College students waiting patiently for the campus bus or shuttle can find out exactly when their ride will arrive, if it’s packed to the brim, and—for disabled students—whether or not the vehicle has room for a wheelchair: All it takes is a few taps of their smart phone.
Students and faculty members on many campuses use smart phone applications designed for any transit system, while others have apps specifically for their campus.
In last-minute maneuvering designed to get the measure to pass, lawmakers eliminated $20 billion in proposed education funding from the student aid overhaul enacted by Congress last week—dampening enthusiasm for legislation that K-12 and higher-education officials had lobbied for over the past year. Of that $20 billion, $12 billion was slated for community colleges to boost graduation rates, partly through the development of open online courses, and $8 billion was pegged for an early-childhood education program.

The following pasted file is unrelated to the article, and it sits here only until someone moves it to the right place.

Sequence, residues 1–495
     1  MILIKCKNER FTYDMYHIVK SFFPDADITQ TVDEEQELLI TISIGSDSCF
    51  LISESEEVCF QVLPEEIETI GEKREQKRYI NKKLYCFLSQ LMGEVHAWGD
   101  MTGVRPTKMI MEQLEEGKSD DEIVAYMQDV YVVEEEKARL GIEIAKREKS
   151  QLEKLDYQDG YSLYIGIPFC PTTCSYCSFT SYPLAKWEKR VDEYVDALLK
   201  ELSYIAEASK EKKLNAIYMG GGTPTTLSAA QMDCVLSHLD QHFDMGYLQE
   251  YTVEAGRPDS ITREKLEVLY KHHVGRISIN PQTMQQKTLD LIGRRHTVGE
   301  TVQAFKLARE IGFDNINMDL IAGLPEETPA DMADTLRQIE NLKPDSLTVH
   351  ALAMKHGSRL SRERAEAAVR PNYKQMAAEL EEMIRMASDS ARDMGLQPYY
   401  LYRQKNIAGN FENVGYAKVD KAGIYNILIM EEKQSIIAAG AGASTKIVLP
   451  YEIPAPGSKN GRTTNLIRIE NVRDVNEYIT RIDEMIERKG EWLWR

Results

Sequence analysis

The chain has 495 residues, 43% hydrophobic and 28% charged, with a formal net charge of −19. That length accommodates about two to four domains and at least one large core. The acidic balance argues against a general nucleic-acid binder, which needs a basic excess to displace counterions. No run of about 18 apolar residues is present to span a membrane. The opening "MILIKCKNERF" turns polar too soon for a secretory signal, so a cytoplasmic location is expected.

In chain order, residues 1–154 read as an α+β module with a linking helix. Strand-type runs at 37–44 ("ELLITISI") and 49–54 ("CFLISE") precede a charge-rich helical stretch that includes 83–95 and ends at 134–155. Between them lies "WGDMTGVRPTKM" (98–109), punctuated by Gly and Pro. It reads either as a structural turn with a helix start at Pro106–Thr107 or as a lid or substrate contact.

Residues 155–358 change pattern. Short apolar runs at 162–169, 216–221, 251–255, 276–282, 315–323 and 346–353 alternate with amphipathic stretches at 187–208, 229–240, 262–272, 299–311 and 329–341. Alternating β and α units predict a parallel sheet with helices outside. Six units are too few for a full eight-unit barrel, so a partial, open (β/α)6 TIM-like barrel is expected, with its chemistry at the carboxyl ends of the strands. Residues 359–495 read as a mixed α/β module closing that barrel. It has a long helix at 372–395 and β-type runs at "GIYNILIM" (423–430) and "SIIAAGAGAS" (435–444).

Community college officials cheered the American Graduation Initiative (AGI) when lawmakers introduced the program last fall, but last-minute compromises and worries over the cost of the student aid bill forced legislators to eliminate the $12 billion set aside for AGI, observers said. The program aimed to help community colleges produce 5 million more graduates over the next decade.
Carnegie Mellon University will use a $20,000 grant from the Verizon Foundation to create and distribute internet safety advice to faculty, teachers, and students in K-12 schools and on college campuses.
The university’s internet safety lessons can be found on its Information Networking Institute web site, which also includes tools such as an encyclopedia of hundreds of web terms.
The web-based tools will be sampled at St. Bede School in Pennsylvania, the university announced Jan. 25.…Read More